The debate about immigration is complicated. The debate about the summer’s immigration crisis is really, really complicated.
The stories and photos of children arriving at the border are harrowing and heart-breaking and, at times, infuriating. But what to do about this influx is not so easy to answer. The U.S., like all countries, has specific criteria for immigrants, refugees, and asylum seekers. Many of these children don’t qualify. Should they? If so, who else should—and is the U.S. prepared to handle the influx? If not, what happens as more and more of these kids keep showing up?
In my business, I’m supposed to have this all figured out. I don’t. I suspect I have a lot of company, even among people who make or follow policy for a living. As my colleague Rachel Morris pointed out on Thursday, the obvious, broad principles—we are a compassionate country that wants and depends upon immigrants; we live in a world of real borders that require enforcement—are in direct conflict with one another. I suspect that’s one reason the politics of this episode can be so hard to follow.
But you don’t need answers to the big questions in order to have an opinion on some more narrow, short-term issues. One of them is the question of whether children coming before immigration courts deserve lawyers. Clearly, they do. These are frequently very young kids, defending themselves in country they don’t know, trying to navigate a legal system they can’t possibly understand. (See Rebecca Leber’s synopsis for more.) And while many don’t qualify for asylum under current guideline, many do. Giving them representation is the right and decent thing to do. A lawsuit from the ACLU, American Immigration Council, and some other public interest groups would force the government to provide lawyers. Such lawsuits aren’t the best ways to legislate policy, obviously, but in this case there may be no other choice.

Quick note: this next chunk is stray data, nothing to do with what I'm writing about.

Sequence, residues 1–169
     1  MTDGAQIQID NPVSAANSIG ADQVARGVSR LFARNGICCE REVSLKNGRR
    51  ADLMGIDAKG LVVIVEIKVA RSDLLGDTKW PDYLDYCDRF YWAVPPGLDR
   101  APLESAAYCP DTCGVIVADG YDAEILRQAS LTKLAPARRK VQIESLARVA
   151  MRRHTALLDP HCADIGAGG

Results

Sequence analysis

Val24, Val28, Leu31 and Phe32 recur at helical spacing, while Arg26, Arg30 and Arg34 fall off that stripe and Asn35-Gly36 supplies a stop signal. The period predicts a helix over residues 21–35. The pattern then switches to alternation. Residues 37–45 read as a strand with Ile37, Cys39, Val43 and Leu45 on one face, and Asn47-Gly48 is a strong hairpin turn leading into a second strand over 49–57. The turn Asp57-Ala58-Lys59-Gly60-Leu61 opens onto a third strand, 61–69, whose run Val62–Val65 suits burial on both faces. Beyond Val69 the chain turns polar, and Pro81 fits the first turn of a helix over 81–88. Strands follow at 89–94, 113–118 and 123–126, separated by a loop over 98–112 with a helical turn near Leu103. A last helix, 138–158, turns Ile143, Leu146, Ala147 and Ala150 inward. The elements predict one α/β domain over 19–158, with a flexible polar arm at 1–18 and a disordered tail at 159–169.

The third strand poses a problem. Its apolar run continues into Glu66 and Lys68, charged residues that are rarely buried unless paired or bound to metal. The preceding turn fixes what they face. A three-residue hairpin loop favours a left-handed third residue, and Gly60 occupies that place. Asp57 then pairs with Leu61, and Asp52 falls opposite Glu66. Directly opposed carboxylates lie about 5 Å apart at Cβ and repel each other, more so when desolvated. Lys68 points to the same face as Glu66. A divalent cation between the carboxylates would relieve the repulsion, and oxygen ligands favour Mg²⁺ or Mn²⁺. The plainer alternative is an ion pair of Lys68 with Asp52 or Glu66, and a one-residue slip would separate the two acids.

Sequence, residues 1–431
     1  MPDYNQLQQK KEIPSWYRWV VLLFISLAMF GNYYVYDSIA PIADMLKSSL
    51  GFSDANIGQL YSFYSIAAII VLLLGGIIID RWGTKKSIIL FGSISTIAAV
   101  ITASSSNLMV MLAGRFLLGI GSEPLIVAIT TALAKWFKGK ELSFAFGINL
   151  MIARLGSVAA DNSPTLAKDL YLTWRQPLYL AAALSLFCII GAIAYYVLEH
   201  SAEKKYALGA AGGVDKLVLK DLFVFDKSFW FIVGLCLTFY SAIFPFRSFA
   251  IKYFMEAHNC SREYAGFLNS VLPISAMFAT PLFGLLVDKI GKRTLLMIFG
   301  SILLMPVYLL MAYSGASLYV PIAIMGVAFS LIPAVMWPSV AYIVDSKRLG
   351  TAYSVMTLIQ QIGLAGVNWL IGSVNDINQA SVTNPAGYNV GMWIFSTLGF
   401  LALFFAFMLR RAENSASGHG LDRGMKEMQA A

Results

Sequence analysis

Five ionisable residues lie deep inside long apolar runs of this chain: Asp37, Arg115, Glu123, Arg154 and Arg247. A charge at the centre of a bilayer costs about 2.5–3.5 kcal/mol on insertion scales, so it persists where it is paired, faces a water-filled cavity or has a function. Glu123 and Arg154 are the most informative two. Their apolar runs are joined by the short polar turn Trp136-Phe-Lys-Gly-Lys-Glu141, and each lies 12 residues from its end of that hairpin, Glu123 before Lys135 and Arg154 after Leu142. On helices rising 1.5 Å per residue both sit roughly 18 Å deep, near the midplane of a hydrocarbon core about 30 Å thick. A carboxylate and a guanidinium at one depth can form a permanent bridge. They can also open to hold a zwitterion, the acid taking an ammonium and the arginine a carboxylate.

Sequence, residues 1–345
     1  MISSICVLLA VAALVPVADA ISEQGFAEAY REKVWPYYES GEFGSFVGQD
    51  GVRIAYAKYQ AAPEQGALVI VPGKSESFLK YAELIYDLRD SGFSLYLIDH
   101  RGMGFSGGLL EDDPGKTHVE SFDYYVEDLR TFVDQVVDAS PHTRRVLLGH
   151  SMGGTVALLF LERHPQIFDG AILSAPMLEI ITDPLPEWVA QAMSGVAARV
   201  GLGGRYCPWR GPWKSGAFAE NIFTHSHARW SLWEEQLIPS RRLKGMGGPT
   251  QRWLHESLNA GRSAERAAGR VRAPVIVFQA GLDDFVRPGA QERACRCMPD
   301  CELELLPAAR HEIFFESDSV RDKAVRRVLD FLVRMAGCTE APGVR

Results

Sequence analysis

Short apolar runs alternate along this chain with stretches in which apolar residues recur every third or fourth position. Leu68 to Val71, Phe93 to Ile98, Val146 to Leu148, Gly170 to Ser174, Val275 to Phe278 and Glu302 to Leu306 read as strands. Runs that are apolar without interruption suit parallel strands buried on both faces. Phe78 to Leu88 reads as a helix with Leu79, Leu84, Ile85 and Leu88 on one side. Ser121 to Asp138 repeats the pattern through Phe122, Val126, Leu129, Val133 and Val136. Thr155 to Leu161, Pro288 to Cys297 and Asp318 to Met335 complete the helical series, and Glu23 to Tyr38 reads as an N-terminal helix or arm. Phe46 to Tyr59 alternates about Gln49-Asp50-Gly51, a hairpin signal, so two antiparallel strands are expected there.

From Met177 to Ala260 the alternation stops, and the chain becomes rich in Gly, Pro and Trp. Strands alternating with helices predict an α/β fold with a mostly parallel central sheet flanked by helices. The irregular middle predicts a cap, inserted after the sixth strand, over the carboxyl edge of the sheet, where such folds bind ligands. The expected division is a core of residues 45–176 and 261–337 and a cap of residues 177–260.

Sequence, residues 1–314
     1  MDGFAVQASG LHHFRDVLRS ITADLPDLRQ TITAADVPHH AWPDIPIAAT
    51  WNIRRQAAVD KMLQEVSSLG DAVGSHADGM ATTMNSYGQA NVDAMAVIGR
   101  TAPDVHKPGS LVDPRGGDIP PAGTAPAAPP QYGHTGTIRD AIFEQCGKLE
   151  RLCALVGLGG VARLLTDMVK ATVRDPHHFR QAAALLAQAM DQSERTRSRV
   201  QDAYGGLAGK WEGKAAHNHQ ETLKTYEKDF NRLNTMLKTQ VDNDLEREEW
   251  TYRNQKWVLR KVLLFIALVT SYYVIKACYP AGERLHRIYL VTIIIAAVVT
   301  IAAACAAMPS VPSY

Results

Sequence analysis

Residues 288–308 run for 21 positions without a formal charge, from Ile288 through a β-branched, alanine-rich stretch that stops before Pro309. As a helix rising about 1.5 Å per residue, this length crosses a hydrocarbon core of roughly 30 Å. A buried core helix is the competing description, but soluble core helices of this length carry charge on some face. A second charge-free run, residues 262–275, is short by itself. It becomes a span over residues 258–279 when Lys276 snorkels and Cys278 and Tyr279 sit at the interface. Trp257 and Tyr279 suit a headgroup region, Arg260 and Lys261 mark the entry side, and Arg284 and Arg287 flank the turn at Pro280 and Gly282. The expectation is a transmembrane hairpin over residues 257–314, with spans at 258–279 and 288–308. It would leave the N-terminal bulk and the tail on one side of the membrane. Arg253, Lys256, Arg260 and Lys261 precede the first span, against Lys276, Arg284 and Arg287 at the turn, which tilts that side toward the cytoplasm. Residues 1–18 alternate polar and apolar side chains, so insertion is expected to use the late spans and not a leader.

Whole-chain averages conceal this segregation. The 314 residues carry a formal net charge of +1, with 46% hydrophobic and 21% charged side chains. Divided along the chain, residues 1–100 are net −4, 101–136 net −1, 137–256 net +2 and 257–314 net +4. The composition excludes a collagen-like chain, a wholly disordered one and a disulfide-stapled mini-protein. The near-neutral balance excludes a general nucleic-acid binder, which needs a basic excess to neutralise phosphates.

Another matter that’s (relatively) easy to judge is the Obama Administration’s request for $3.7 billion in emergency appropriations. A big chunk of the money would go to the Department of Health and Human Services, which is in charge of caring for the unaccompanied children that arrive in the U.S. Another chunk would add resources for enforcement and the processing of immigration cases, to speed a process that’s become hopelessly backlogged. A much smaller allotment will go to the countries in Central America, to help with resettlement of people sent back and (a little) to help them improve the horrible conditions that are giving people so much reason to leave.
You can argue about the relative balance of the allotments. The proposal sets aside $15 million for legal representation, but that's not nearly enough, given all the kids who need counsel. But the basic shape of the package makes sense. And the money has to get spent, soon. South Carolina Senator Lindsay Graham, to his credit, has endorsed the idea in principle—urging fellow Republicans to act because a humanitarian crisis requires it. Let’s hope they listen.
Things to know
OBAMACARE: John Boehner reveals what his lawsuit against the President will be all about. Surprise, it’s Obama’s unilateral delay of the employer mandate. (Politico)
CLIMATE: Chris Mooney explains a new study that show rich Republicans really are the most likely to think climate change isn’t dangerous.
DROUGHT: California is suffering through a drought that could mean the state passes its first state-wide restriction on residential water use—$500 for water wasters. (Mercury News)
ECONOMY: In a rare moment of bipartisan agreement, the House passed a jobs training bill by a 415-6 vote that will help streamline programs and better train American workers. The Senate had already passed the legislation so it now heads to President Obama's desk for his signature. (CNN)
Things to read
Should the Fed's mandate be expanded? Currently, the Federal Reserve has a mandate to ensure price stability (aka inflation) and low unemployment. But the recently confirmed vice-chair of the Fed thinks it should also include financial stability. (Ylan Q. Mui, Washington Post)
The future of housing? Matt K. Lewis argues that new urbanism—the promotion of mixed use, high density, walkable neighbourhoods—should appeal to conservatives as well as liberals.
Things to watch
It's a relatively quiet Friday. But the border crisis is ongoing. Expect to hear reaction to Boehner's lawsuit as well.
Things at QED
Should a 10-year old migrant child have to represent himself before an immigration judge? Rebecca Leber looks at a lawsuit from ACLU that hopes to ensure that all the unaccompanied children receive legal representation. Danny Vinik breaks down the murder rates in Honduras, Guatemala, and El Salvador and wonders if these kids should actually qualify for asylum.